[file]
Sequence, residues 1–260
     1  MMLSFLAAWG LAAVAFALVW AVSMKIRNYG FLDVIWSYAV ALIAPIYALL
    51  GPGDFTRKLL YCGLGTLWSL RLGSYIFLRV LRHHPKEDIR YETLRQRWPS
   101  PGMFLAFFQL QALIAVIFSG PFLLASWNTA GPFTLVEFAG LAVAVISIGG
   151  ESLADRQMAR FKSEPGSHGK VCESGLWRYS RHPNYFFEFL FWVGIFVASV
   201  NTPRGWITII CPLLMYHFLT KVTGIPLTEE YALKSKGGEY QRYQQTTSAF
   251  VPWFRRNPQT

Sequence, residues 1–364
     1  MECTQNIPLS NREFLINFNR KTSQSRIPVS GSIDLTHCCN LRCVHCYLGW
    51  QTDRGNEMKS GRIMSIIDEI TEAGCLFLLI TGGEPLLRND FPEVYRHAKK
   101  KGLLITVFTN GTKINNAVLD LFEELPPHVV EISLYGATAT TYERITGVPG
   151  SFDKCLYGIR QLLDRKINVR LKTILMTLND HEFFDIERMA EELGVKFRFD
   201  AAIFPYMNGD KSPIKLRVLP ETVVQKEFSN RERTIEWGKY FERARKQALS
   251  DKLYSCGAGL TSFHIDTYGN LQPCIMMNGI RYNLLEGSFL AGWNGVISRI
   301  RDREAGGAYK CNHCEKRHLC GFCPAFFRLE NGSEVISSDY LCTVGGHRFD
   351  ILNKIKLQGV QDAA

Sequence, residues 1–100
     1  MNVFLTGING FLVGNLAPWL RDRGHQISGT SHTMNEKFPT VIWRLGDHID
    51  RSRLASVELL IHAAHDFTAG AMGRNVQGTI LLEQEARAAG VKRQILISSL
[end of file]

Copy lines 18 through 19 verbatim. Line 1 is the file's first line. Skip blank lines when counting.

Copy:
     1  MNVFLTGING FLVGNLAPWL RDRGHQISGT SHTMNEKFPT VIWRLGDHID
    51  RSRLASVELL IHAAHDFTAG AMGRNVQGTI LLEQEARAAG VKRQILISSL